• Abstract: The law of informed consent to medical treatment has recently been extensively overhauled in England. The 2015 Montgomery judgment has done away with the long-held position that the information to be disclosed by doctors when obtaining valid consent from patients should be determined on the basis of what a reasonable body of medical opinion agree ought to be disclosed in the circumstances. The UK Supreme Court concluded that the information that is material to a patient’s decision should instead be judged by reference to a new two-limbed test founded on the notions of the ‘reasonable person’ and the ‘particular patient’. The rationale outlined in Montgomery for this new test of materiality, and academic comment on the ruling’s significance, has focused on the central ethical importance that the law now (rightfully) accords to respect for patient autonomy in the process of obtaining consent from patients. In this paper, we dispute the claim that the new test of materiality articulated in Montgomery equates with respect for autonomy being given primacy in re-shaping the development of the law in this area. We also defend this position, arguing that our revised interpretation of Montgomery’s significance does not equate with a failure by the courts to give due legal consideration to what is owed to patients as autonomous decision-makers in the consent process. Instead, Montgomery correctly implies that doctors are ethically (and legally) obliged to attend to a number of relevant ethical considerations in framing decisions about consent to treatment, which include subtle interpretations of the values of autonomy and well-being. Doctors should give appropriate consideration to how these values are fleshed out and balanced in context in order to specify precisely what information ought to be disclosed to a patient as a requirement of obtaining consent, and as a core component of shared decision-making within medical encounters more generally.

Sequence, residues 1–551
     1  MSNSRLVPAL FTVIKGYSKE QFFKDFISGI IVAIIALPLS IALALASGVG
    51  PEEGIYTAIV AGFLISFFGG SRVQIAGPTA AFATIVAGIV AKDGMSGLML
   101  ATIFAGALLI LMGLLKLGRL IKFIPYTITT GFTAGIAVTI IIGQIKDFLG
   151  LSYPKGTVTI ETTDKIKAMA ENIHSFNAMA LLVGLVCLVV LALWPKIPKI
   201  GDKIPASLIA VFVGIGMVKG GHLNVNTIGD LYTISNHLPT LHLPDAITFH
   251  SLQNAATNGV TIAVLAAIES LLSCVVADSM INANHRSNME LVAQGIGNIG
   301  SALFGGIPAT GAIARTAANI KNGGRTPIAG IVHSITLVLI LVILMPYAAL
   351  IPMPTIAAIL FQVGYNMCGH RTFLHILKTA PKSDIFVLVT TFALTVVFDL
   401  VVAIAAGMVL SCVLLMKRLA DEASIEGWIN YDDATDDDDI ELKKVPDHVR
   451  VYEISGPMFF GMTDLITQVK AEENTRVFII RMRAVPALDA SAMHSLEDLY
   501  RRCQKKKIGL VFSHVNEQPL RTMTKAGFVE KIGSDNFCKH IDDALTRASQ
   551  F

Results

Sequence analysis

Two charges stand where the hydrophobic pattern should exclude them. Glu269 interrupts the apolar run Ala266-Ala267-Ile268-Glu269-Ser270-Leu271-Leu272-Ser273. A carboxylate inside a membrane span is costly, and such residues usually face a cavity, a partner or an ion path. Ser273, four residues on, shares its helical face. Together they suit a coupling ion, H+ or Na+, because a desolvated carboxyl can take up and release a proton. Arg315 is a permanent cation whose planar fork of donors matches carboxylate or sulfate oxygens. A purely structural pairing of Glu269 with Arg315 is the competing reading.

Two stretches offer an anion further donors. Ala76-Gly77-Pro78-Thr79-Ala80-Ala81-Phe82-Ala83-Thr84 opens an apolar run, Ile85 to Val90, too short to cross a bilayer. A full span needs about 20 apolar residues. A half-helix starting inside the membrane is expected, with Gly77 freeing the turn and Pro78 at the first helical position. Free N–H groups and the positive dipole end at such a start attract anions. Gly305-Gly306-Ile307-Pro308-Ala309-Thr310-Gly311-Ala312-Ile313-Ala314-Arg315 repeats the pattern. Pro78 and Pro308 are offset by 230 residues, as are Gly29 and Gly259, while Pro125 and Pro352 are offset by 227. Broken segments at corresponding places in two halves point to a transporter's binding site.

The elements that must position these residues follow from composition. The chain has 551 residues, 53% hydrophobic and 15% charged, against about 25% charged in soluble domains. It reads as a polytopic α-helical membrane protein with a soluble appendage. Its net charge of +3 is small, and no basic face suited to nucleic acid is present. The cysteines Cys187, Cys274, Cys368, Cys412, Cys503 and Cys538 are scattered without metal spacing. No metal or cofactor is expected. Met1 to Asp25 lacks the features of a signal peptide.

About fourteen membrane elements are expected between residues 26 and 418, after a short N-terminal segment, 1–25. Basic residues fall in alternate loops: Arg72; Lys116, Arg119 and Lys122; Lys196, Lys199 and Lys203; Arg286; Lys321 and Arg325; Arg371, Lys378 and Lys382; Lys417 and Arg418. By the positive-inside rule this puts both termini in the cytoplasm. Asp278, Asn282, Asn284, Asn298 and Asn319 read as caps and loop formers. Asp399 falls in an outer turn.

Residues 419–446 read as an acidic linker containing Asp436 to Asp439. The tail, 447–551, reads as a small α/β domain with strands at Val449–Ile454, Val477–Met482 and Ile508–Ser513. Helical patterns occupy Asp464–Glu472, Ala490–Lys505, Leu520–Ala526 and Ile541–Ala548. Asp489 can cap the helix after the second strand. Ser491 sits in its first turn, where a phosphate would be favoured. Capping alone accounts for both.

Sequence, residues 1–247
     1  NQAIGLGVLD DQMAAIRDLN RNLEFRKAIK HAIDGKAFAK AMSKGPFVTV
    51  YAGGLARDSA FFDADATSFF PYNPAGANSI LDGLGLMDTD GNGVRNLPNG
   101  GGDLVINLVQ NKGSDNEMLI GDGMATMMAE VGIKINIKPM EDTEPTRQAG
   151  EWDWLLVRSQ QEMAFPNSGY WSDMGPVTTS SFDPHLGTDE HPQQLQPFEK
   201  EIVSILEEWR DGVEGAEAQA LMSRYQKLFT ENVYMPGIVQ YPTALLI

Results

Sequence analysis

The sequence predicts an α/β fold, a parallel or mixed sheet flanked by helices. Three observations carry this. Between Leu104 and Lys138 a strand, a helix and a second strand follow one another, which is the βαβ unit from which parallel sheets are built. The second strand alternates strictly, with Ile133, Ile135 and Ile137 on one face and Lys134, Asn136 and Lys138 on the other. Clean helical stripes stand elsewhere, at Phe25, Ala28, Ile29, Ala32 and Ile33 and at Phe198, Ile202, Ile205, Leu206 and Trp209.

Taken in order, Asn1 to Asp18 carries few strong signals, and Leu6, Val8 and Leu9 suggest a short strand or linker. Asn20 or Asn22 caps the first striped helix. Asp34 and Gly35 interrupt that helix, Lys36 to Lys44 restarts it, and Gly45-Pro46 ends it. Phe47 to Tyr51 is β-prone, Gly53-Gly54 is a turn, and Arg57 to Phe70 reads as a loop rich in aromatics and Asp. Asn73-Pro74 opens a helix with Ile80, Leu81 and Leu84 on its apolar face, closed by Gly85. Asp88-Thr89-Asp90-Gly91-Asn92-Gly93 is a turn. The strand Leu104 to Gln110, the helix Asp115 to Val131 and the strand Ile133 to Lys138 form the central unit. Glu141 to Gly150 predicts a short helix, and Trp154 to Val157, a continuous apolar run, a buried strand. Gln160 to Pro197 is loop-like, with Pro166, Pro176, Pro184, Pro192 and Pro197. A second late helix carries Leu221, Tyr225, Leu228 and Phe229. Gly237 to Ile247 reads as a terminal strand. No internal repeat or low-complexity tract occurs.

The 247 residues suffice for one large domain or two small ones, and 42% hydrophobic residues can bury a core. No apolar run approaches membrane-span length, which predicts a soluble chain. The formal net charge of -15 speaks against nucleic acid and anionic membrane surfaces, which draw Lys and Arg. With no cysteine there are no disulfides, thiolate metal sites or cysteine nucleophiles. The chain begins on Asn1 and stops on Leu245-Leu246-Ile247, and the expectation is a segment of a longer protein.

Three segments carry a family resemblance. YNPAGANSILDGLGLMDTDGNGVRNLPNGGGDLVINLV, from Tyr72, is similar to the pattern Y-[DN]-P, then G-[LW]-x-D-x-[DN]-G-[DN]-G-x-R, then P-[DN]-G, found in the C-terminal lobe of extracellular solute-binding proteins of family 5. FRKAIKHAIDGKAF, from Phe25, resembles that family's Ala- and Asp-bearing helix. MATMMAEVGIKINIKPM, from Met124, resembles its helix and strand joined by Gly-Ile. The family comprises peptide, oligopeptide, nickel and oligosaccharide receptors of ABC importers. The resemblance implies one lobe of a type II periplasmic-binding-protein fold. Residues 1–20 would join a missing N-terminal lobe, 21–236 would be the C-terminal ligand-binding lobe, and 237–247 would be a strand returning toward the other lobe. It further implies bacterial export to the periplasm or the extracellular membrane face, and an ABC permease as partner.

PubDate: 2019-06-01
       
  • Principles of Need and the Aggregation Thesis
    • Abstract: Principles of need are constantly referred to in health care priority setting. The common denominator for any principle of need is that it will ascribe some kind of special normative weight to people being worse off. However, this common ground does not answer the question how a plausible principle of need should relate to the aggregation of benefits across individuals. Principles of need are sometimes stated as being incompatible with aggregation and sometimes characterized as accepting aggregation in much the same way as utilitarians do. In this paper we argue that if one wants to take principles of need seriously both of these positions have unreasonable implications. We then characterize and defend a principle of need consisting of sufficientarian elements as well as prioritarian which avoids these unreasonable implications.
      PubDate: 2019-06-01
       
  • Evidence, Emotion and Eminence: A Qualitative and Evaluative Analysis of
           Doctors’ Skills in Macroallocation
    • Abstract: In this analysis of the ethical dimensions of doctors’ participation in macroallocation we set out to understand the skills they use, how they are acquired, and how they influence performance of the role. Using the principles of grounded moral analysis, we conducted a semi-structured interview study with Australian doctors engaged in macroallocation. We found that they performed expertise as argument, bringing together phronetic and rhetorical skills founded on communication, strategic thinking, finance, and health data. They had made significant, purposeful efforts to gain skills for the role. Our findings challenge common assumptions about doctors’ preferences in argumentation, and reveal an unexpected commitment to practical reason. Using the ethics of Paul Ricoeur in our analysis enabled us to identify the moral meaning of doctors’ skills and learning. We concluded that Ricoeur’s ethics offers an empirically grounded matrix for ethical analysis of the doctor’s role in macroallocation that may help to establish norms for procedure.
      PubDate: 2019-06-01
       
  • Empathy and Efficiency in Healthcare at Times of Austerity